Matthews thought that someone had distracted him on purpose—but then the tournament administrator approached him in the locker room and told him who had screamed.

A middle-aged man with Down syndrome had gotten so excited over the match, he had not been able to keep himself from letting out a scream during Matthews’s shot.

Immediately after hearing the details about the situation, Matthews asked to meet the fan.

“I was around mental disability growing up, and I have a soft spot in my heart for it. Those are really special people,” Matthews told The Golf Channel. “I felt so terrible that I was even upset. I just wanted to make sure that he didn’t feel bad.”

After they were introduced, Matthews offered the man a signed glove, made sure he was having a good time, and gave him a hug.

WATCH: Soccer Team is Winning Hearts After They Stopped Championship Play to Help Opponent Fix Her Hijab in Privacy

“I just wanted to make sure he was enjoying himself, that he had no hard feelings, that he didn’t feel bad about what happened,” Matthews added. “I didn’t want to anyone to be mad at him. I didn’t want him to be mad at himself. I wanted to make sure he knew that I wasn’t mad. That’s all I wanted to do.”

Tournament administrators said that the fan was “very happy” over the exchange—and Matthews said that he was simply happy to turn his disappointment into acceptance and compassion.

Continue on to the Good News Network to read the complete article.

Workforce Recruitment Program Gives This Mom Her ‘Can-Do Attitude’ Back

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Judith Roma Tuazon holds up her award

By Terri Moon Cronk

After raising her children, Judith Roma Tuazon wanted to go to work for the federal government. “I wanted to give back to the government, and especially to the Navy, because I had been married to a Navy man,” she said.

But Tuazon had doubts any agency would hire her due to a viral infection in her spine that left her paralyzed from the waist down in 1993.

As a student, she saw a poster on campus about the Workforce Recruitment Program (WRP), a federal government-wide recruitment and referral program. The WRP connects college students and recent graduates with disabilities who are interested in federal employment opportunities. The WRP is the recruitment resource used by the U.S. Department of Defense (DOD) to build a meaningful pipeline of candidates with disabilities. For the DOD, the WRP underscores the department’s commitment to workforce diversity.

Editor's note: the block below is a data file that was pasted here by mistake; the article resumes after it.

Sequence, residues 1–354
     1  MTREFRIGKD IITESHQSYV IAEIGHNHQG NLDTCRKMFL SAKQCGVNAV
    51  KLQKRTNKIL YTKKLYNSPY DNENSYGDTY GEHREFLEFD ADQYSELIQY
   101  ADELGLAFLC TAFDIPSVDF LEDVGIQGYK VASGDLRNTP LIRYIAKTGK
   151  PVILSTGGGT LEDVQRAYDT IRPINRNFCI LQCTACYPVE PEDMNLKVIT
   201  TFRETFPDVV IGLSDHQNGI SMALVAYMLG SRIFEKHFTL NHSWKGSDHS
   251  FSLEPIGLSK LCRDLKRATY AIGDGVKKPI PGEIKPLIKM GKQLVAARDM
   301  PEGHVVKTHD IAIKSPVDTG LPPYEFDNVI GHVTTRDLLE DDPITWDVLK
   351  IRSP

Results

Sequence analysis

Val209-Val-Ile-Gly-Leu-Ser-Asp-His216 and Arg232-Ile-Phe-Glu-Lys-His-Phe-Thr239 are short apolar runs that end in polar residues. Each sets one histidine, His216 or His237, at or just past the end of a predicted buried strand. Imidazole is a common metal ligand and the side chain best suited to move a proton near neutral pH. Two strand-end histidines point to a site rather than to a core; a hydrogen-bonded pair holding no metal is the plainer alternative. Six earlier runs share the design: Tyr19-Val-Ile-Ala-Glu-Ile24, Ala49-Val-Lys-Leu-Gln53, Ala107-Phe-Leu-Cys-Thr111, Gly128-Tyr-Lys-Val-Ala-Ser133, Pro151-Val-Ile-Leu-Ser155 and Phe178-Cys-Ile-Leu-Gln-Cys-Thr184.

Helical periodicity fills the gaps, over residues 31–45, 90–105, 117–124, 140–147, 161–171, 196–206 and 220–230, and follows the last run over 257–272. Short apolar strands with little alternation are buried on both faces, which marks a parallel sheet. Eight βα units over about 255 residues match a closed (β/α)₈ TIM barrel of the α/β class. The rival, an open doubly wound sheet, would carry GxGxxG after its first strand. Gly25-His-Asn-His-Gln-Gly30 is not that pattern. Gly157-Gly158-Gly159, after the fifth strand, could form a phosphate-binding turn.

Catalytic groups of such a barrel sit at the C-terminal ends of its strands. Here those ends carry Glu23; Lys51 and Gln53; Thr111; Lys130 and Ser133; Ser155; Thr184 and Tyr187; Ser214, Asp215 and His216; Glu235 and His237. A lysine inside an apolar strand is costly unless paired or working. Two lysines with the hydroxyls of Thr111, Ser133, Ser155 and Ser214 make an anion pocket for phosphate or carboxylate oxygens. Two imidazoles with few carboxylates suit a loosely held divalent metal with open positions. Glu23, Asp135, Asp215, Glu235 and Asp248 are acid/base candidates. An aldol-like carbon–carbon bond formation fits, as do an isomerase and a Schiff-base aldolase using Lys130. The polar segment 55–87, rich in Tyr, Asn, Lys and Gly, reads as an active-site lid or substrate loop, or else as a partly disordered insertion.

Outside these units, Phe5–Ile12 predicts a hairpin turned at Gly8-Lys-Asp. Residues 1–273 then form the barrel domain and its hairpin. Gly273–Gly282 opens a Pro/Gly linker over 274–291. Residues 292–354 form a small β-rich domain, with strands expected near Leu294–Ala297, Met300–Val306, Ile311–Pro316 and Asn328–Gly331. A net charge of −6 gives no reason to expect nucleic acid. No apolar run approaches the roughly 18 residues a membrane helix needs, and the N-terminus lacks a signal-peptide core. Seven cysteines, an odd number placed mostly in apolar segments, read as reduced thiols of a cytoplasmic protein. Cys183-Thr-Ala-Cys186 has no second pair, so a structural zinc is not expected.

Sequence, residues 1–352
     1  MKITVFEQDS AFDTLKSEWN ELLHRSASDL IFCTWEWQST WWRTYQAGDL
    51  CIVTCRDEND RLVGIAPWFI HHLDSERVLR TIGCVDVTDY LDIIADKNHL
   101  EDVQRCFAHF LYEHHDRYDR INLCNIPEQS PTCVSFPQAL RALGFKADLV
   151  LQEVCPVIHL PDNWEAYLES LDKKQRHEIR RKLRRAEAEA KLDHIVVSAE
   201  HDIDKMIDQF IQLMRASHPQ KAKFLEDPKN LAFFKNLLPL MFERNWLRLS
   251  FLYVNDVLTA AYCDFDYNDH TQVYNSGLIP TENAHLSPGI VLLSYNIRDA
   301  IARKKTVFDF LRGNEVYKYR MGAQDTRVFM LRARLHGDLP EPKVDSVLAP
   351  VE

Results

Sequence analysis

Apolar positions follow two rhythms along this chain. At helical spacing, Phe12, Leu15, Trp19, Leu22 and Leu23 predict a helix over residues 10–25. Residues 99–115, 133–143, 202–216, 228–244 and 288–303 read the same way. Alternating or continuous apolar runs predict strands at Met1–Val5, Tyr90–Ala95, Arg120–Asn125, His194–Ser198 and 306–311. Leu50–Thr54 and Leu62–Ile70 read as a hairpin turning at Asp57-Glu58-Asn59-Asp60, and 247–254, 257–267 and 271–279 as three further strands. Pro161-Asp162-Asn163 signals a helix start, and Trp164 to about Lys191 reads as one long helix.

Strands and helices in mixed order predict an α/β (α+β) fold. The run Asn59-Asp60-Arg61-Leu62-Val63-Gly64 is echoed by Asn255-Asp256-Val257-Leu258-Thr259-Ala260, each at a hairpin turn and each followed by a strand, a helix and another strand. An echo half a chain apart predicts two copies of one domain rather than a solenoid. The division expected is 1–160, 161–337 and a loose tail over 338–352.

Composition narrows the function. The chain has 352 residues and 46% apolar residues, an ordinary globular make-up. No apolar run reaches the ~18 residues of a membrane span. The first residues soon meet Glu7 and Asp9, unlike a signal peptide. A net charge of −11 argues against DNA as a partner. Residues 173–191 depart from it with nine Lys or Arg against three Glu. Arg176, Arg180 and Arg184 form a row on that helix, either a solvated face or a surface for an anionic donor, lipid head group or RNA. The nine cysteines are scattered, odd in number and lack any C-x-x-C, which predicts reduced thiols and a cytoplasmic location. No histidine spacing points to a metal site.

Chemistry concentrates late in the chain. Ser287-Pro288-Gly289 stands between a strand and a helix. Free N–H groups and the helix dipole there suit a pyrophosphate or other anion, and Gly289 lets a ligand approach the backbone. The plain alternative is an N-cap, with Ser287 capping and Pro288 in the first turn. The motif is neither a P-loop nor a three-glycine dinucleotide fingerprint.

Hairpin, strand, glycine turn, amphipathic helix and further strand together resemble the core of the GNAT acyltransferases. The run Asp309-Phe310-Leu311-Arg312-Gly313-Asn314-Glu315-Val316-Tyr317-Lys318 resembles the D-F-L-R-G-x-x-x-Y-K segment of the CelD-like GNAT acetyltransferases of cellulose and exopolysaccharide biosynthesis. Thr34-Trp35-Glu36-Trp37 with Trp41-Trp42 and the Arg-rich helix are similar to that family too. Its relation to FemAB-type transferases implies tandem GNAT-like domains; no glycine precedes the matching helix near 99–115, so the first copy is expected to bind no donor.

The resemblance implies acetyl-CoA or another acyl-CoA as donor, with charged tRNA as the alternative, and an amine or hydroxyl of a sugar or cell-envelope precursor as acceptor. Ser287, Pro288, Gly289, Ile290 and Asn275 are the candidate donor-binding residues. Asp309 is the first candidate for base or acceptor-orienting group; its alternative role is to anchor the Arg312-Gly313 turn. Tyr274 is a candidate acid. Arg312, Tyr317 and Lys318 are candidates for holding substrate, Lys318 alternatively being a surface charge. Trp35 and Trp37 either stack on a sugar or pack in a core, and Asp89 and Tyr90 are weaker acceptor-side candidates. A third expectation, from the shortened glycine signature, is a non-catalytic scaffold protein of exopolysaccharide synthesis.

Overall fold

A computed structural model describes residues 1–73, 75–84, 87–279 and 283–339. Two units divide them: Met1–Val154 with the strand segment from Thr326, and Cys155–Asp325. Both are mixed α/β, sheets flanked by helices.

“I can be useful again”

Tuazon applied to the WRP for an internship with a federal agency and was chosen as a candidate soon after. Even so, she said, as she waited for an offer she worried that maybe her disability was too much. Before long though, Tuazon was selected as an audit readiness analyst in logistics for the Navy Reserve Forces Command in Norfolk, Virginia. She recalled her excitement of being re-employed: “I can be useful again. This is like an extension of life, something to look forward to every day,” Tuazon said. “I’m so enthusiastic about my job … I thank WRP—they really help those of us with disabilities.”

Disability becomes ability
Tuazon said her disability lead her to realize some of her greatest abilities. She now has satisfaction from her work and the respect of her leaders. “Before, I felt like nobody—like I was invisible,” Tuazon said. But now, “they just see a woman sitting in a chair. They don’t make me feel like I have a disability.”

Last July, the audit readiness analyst was recognized for her outstanding performance at the annual WRP awards ceremony at the Pentagon. When asked about her advice to other people with disabilities who worry about landing a job, Tuazon said, “Just keep going and believe in yourself that you can do it, because there are people who will believe in you,” she said. “Because they do, you’ll start to really believe in yourself. That’s how they make me feel at WRP and where I’m working. They give me the work and I say, ‘OK, I’ve got this. I can do it.’”

Source: dod.defense.gov

Disability in the Workplace: It’s on Us

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Vincenzo Piscopo with RespectAbility Staff and Fellows